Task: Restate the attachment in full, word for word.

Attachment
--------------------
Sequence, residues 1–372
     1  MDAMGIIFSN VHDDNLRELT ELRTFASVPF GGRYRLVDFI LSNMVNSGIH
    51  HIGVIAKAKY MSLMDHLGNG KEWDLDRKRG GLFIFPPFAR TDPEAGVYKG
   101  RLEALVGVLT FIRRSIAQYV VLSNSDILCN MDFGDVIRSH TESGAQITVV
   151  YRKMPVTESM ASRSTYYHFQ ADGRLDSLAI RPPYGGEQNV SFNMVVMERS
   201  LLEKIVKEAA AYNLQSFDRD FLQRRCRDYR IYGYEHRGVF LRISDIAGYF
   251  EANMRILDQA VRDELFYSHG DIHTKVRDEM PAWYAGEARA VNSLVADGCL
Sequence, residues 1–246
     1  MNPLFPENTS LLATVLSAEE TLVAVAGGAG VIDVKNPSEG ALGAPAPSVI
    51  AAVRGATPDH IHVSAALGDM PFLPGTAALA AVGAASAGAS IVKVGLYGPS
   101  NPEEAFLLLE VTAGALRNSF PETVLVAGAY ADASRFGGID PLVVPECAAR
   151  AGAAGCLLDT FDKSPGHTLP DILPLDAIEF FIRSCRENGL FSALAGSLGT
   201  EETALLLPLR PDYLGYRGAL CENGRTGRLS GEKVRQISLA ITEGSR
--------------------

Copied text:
Sequence, residues 1–372
     1  MDAMGIIFSN VHDDNLRELT ELRTFASVPF GGRYRLVDFI LSNMVNSGIH
    51  HIGVIAKAKY MSLMDHLGNG KEWDLDRKRG GLFIFPPFAR TDPEAGVYKG
   101  RLEALVGVLT FIRRSIAQYV VLSNSDILCN MDFGDVIRSH TESGAQITVV
   151  YRKMPVTESM ASRSTYYHFQ ADGRLDSLAI RPPYGGEQNV SFNMVVMERS
   201  LLEKIVKEAA AYNLQSFDRD FLQRRCRDYR IYGYEHRGVF LRISDIAGYF
   251  EANMRILDQA VRDELFYSHG DIHTKVRDEM PAWYAGEARA VNSLVADGCL
Sequence, residues 1–246
     1  MNPLFPENTS LLATVLSAEE TLVAVAGGAG VIDVKNPSEG ALGAPAPSVI
    51  AAVRGATPDH IHVSAALGDM PFLPGTAALA AVGAASAGAS IVKVGLYGPS
   101  NPEEAFLLLE VTAGALRNSF PETVLVAGAY ADASRFGGID PLVVPECAAR
   151  AGAAGCLLDT FDKSPGHTLP DILPLDAIEF FIRSCRENGL FSALAGSLGT
   201  EETALLLPLR PDYLGYRGAL CENGRTGRLS GEKVRQISLA ITEGSR